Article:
At first glance, Monika K. Adler’s work recalls that of fellow eastern European photographer Jan Saudek. Solitary subjects, nostalgic sepia-tones, a focus on feminine beauty? in cell-like settings. But where Saudek’s caged birds exist in a timeless isolation, the outside world may more rudely intrude in Ms Adler’s tableaux vivants. At least that’s the case for the photo which became known as Mademoiselle Guillotine at its Paris exhibition earlier this year? The best example I have seen of her talent for finding a potent semiotic nexus.
The image shocks with the force of its clashing religious and cultural symbols, its dialectical dynamics of covered face, exposed genitals; naked beauty, naked vulnerability; sexual power, sexual humiliation. It alludes to the contemporary political context. The picture draws strong reactions from spectators, who suddenly find themselves voyeur/participants in a would-be war crime scene. Here we have the mainstay subject of the female nude updated to the unfortunate era of Abu Ghraib.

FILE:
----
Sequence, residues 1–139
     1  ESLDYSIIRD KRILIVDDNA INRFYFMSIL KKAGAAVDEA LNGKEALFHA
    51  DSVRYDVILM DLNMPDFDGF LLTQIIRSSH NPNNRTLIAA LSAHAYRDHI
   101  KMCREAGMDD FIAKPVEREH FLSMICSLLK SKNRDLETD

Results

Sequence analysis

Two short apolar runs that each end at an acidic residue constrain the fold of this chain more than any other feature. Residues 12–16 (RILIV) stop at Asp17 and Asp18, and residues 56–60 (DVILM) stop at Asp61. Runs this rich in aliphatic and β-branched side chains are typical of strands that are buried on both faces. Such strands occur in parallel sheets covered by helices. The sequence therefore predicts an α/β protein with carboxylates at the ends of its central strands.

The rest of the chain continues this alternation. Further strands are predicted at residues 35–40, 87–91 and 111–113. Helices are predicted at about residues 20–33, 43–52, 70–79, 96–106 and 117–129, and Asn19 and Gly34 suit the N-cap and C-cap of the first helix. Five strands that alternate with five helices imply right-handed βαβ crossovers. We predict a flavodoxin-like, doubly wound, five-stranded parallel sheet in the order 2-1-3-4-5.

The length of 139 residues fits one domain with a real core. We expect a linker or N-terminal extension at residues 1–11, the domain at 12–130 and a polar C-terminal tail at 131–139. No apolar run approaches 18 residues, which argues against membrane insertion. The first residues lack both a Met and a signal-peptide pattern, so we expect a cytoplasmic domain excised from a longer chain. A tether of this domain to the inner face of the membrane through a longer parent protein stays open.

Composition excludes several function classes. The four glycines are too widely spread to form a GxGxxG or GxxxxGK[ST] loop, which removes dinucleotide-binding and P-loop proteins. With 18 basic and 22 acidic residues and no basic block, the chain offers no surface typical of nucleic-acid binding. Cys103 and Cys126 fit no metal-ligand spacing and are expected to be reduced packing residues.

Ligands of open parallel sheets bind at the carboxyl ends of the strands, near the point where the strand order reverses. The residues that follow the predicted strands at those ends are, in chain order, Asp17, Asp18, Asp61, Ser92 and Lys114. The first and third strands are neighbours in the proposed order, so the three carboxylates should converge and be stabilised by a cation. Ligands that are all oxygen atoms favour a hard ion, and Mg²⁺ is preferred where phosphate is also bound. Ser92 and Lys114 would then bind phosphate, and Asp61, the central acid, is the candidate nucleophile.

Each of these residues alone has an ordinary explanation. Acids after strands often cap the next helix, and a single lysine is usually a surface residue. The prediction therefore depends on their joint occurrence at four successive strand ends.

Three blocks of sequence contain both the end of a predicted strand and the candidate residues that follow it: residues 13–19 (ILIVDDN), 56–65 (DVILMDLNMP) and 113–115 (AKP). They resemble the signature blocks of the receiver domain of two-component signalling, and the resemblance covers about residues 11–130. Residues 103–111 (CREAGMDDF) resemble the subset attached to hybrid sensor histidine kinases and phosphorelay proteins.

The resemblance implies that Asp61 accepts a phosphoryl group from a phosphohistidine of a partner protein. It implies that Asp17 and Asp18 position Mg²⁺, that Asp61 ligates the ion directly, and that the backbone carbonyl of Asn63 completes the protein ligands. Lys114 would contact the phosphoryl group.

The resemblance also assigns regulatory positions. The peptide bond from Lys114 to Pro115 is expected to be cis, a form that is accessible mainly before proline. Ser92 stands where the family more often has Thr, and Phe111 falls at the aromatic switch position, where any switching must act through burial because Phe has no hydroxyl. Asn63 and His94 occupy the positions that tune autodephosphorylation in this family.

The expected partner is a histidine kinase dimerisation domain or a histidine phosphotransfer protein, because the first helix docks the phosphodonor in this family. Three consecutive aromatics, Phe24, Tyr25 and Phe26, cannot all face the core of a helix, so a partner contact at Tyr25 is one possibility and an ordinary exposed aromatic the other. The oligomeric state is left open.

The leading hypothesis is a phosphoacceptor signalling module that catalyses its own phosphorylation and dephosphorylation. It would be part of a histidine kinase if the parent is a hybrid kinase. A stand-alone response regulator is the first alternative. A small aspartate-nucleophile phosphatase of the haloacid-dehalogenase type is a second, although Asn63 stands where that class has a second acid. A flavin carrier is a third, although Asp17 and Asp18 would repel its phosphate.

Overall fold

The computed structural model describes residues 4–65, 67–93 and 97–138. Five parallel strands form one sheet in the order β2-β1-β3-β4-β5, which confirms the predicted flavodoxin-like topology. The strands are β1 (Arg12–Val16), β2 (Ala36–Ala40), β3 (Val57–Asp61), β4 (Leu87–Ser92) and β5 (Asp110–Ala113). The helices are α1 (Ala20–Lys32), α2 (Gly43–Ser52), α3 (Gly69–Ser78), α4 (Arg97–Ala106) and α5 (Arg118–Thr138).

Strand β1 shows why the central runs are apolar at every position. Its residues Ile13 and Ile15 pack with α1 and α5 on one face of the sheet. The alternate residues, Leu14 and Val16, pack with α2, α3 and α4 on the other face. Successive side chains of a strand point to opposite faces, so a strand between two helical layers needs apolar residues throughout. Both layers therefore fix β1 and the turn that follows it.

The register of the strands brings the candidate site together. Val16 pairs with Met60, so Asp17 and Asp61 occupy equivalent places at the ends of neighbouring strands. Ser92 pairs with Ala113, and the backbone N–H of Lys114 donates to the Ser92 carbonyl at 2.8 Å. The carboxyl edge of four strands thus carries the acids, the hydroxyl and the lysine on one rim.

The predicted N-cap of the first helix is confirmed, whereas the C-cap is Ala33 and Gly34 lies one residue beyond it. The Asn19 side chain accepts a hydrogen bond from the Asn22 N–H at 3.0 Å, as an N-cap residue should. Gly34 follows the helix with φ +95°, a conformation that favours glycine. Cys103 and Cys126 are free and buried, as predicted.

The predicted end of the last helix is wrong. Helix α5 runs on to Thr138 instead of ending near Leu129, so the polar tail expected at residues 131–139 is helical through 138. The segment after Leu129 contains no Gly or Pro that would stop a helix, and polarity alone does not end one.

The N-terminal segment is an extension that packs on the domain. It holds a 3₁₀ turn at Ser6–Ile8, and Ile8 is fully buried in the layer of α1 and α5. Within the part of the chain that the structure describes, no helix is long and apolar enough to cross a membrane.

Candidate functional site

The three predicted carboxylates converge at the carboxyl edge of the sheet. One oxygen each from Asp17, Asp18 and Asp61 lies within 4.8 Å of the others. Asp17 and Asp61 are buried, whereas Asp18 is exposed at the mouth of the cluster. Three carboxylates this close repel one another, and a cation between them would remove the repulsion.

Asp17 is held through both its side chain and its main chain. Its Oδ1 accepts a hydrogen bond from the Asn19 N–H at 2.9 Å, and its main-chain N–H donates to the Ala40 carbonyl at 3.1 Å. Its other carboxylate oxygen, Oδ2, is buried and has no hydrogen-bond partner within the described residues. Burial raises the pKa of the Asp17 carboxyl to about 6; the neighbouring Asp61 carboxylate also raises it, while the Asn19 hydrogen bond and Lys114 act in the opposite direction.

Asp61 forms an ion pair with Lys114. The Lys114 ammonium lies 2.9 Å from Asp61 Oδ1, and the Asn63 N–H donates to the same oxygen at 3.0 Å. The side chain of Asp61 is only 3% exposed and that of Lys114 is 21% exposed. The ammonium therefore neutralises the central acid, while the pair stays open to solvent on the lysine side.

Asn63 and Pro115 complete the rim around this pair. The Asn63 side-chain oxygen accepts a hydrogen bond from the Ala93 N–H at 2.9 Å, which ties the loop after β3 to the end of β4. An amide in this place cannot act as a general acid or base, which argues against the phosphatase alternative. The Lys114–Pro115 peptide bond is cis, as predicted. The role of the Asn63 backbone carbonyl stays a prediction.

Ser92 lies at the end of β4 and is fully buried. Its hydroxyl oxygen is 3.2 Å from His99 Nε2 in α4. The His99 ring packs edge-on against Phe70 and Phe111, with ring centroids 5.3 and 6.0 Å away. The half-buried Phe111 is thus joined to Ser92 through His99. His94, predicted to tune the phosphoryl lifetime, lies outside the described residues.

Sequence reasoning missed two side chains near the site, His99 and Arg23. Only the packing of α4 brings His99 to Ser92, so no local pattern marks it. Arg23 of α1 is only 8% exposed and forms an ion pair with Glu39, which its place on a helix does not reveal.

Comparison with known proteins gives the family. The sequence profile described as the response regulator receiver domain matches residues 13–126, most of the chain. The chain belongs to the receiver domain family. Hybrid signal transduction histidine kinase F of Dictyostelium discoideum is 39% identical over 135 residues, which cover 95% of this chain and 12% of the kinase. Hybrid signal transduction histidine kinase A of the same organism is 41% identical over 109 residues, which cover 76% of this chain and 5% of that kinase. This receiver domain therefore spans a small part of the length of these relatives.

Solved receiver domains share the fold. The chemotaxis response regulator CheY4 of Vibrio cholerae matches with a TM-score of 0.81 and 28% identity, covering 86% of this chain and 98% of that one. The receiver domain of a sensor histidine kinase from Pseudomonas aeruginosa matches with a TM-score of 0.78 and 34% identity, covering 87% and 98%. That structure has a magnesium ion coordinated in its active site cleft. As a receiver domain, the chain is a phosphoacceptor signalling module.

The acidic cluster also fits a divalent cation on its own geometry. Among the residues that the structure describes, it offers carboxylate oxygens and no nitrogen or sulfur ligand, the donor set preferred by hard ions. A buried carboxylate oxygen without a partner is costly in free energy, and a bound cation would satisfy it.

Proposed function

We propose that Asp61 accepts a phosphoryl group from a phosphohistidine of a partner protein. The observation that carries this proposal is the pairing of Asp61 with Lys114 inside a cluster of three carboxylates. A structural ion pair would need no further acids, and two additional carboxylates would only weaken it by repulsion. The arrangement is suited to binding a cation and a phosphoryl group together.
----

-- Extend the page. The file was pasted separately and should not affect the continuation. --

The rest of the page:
This work unites art and politics in the polemical style of John Heartfield’s anti-Nazi photomontages. It is a hyperrealist mise en scène with a lexicon drawn from news media iconography. It blurs photojournalism and art photography, stripping away manipulation and ideological pretence in the process. What’s left is a withering commentary, the coup de grace, delivered in the satirical title: Democracy. The irony is that where Saudek’s boldest work had humanity literally gazing into its own anus in the shadow of the Iron Curtain, the other side, Adler seems to retort, is only a rape scene.
Photography as a Weapon Of Resistance – Mark Birdsong, Paris, June 2005